While flying back east over the holidays to speak at a church, I made note of the different stages passengers experience in a typical takeoff. There are the preflight announcements from the cockpit and the safety instructions from the flight attendants. There’s the reminder to turn our cellphones to airplane mode and to make sure our seatbelts are fastened and that our tray tables are in their upright and locked position.
When the plane reaches 10,000 feet altitude, a bell rings. And whereas I didn’t get my angel wings like Clarence Odbody, I did get permission to open my laptop. That ringing chime is an indicator that I can safely jettison the gum I started to chew at take-off to keep my ears from plugging.
When the plane reaches a cruising altitude, a voice comes over the intercom indicating it is OK to unbuckle our seatbelts and walk around. At that point in the flight, I tend to take a deep breath and relax. Reaching the cruising altitude is an invitation to enjoy the balance of the flight, barring any unexpected turbulence.
The Christmas season reminds me of a typical plane trip. Leading up to the holiday, we’re stressed by all the preparations: Decorating the house, trimming the tree, shopping for gifts, attending concerts and parties, baking cookies and cooking meals. And by the time we get to the day after Christmas, many families are ready to start packing everything up and putting the house back to normal.
For our family, Christmas Day is when we have finally reached our cruising altitude. It’s finally time to sit back, relax and enjoy a journey that includes listening to carols, watching Christmas movies or simply enjoying quiet evenings in front of the twinkling tree. The days after Christmas are a perfect time to re-read holiday letters and cards and write some thank you notes.
One of the carols that plays in our home throughout December is “The Twelve Days of Christmas.” That classic song is rooted in the way our culture used to view the holiday. Traditionally the season began four weeks before Christmas Day with the start of Advent and continued on until Epiphany (Jan. 6). The twelve days that connect Christmas Day with Epiphany provided the opportunity to unpack the reason for the season before packing up the decorations.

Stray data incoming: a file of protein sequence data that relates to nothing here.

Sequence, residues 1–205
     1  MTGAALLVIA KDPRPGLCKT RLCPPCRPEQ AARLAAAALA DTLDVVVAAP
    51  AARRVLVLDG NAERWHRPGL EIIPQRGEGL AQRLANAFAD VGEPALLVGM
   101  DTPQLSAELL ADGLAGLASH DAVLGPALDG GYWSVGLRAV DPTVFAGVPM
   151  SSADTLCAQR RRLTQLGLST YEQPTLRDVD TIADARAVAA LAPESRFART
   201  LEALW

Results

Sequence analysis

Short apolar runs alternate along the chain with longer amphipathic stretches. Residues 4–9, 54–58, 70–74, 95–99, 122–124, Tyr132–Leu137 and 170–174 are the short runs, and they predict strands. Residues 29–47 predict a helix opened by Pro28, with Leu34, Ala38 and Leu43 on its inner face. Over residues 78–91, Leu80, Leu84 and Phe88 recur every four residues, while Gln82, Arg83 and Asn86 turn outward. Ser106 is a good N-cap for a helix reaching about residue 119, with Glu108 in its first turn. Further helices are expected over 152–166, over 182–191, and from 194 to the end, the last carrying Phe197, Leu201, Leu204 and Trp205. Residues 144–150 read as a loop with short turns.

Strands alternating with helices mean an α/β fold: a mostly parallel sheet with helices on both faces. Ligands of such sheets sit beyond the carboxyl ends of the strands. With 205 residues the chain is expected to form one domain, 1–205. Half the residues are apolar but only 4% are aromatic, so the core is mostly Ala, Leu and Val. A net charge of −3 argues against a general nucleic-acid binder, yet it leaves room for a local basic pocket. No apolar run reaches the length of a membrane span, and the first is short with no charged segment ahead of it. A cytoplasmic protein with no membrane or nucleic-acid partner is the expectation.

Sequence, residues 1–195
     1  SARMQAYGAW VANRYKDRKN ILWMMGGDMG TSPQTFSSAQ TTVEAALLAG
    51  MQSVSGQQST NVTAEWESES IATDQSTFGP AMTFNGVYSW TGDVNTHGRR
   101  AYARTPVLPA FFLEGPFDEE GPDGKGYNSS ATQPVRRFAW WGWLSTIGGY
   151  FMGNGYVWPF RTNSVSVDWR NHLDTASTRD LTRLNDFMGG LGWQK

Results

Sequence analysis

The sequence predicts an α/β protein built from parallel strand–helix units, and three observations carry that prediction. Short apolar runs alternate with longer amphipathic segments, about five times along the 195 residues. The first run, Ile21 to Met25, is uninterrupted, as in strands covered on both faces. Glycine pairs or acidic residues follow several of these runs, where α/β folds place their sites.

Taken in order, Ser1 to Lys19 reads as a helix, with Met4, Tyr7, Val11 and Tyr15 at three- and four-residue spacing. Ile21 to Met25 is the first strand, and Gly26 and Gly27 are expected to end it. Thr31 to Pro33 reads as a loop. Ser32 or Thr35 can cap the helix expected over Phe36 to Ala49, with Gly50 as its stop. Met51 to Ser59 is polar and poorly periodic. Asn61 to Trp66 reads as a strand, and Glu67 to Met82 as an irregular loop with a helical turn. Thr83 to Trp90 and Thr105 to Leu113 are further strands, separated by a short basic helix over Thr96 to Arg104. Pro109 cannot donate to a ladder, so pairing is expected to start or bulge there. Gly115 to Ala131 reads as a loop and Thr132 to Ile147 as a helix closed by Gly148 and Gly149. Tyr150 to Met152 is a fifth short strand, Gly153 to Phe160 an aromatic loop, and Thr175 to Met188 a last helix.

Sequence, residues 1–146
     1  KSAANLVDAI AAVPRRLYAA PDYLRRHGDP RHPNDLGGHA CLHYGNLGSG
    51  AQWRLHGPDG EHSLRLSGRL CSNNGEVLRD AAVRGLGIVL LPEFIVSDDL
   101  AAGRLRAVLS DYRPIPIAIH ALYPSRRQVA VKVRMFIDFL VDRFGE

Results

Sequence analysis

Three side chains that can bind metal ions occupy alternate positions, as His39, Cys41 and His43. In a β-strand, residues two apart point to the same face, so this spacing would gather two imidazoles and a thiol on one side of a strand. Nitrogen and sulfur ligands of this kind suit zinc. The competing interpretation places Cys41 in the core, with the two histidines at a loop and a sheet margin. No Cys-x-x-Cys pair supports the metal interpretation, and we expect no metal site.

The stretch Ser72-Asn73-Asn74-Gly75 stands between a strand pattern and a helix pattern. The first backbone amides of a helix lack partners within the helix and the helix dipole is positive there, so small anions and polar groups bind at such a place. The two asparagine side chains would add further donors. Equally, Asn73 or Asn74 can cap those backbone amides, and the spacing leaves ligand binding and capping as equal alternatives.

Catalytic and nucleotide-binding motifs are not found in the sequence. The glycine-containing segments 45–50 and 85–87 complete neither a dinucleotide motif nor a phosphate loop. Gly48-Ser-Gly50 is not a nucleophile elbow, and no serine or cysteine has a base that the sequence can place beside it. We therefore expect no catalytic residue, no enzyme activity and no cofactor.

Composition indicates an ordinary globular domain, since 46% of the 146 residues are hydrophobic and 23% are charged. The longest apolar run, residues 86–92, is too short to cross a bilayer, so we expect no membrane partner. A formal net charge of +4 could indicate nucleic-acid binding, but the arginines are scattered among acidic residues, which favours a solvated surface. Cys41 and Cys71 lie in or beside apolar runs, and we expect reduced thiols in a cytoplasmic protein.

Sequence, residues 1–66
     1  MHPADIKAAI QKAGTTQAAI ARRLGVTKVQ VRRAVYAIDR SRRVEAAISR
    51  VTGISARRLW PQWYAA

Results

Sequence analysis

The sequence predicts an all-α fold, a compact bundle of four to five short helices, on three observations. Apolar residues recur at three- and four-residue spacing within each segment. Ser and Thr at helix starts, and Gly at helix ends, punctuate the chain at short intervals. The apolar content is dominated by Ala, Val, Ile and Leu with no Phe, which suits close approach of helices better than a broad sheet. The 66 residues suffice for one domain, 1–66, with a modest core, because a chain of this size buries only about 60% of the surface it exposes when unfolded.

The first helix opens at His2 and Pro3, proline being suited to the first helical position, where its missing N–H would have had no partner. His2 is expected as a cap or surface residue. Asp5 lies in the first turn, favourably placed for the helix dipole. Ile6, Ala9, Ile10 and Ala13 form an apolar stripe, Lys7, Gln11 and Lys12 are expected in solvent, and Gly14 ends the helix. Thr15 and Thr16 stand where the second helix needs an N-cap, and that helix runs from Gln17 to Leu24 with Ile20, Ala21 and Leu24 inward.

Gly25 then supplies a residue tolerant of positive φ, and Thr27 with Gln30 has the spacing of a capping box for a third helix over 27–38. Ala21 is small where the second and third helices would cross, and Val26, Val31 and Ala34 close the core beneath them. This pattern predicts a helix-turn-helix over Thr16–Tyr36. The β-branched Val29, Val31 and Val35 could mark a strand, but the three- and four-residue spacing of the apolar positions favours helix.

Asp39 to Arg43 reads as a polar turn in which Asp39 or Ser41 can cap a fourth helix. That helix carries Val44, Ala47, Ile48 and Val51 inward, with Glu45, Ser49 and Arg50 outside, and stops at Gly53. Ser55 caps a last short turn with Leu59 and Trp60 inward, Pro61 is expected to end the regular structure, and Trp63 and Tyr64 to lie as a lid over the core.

When our kids were little, we intentionally extended our celebration of the holiday. For a pastor’s family, it wasn’t the Grinch who stole Christmas. It was the church. All the activities and services a pastor is expected to attend kept our family from having the relaxed time others were enjoying. Rather than blaming the church, we opted to underscore the fact that Christmas was a season rather than a day. We created unique traditions to compensate.
Four weeks before Christmas, three little ceramic wisemen began making a slow deliberate journey from our family room throughout the house ending up at the nativity scene atop our piano in the living room. But the magi didn’t arrive at the manger on Dec. 25. They don’t get there until Jan. 6.
As with most families, there is the typical emotional letdown for kids after gifts are opened on Christmas Day. In our family, we attempted to upend the letdown with the promise of gifts that would be given twelve days later. We called it our Day of the Kings celebration.
On Epiphany, we would have a dinner that reflected the eastern culture from which the magi came. In our case it was Chinese food. At the table there were quilted crowns at each place setting. And in each crown were three wrapped gifts for each family member to open. The number of gifts represented the three gifts the visitors from the east gave the Christ child. We sang special songs and read special stories at the table.
Our strategy worked. A less-hurried after-Christmas celebration became something our family cherished. We still do. The cruising altitude of Christmas provides a wonderful perspective from which to see what really matters this time of year. Why not unbuckle your seatbelt, push your seat back and enjoy the season?